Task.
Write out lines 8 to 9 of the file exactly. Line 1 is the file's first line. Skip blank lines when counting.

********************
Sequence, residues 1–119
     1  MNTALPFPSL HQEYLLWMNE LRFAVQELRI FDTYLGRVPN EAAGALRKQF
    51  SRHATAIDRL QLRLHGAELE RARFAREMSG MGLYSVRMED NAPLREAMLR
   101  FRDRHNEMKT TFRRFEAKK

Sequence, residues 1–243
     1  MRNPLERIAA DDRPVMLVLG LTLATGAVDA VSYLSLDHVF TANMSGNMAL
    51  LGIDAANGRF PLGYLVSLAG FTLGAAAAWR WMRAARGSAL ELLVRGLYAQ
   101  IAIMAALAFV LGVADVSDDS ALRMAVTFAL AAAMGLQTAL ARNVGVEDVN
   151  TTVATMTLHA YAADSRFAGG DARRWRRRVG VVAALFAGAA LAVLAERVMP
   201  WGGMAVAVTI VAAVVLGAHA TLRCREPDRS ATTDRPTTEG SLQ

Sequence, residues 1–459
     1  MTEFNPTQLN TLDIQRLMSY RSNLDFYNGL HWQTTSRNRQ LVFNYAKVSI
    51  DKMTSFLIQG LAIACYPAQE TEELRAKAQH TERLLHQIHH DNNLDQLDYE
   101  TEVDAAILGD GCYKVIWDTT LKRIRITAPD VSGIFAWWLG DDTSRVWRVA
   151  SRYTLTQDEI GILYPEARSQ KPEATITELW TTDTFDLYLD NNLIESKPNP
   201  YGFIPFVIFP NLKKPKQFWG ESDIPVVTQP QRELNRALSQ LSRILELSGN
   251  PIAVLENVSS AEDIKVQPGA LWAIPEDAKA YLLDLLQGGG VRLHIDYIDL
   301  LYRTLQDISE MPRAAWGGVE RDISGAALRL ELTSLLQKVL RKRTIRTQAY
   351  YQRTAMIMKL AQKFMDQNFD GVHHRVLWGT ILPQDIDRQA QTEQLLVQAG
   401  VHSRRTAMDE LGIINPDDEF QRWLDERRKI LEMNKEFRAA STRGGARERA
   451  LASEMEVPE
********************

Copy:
   101  IAIMAALAFV LGVADVSDDS ALRMAVTFAL AAAMGLQTAL ARNVGVEDVN
   151  TTVATMTLHA YAADSRFAGG DARRWRRRVG VVAALFAGAA LAVLAERVMP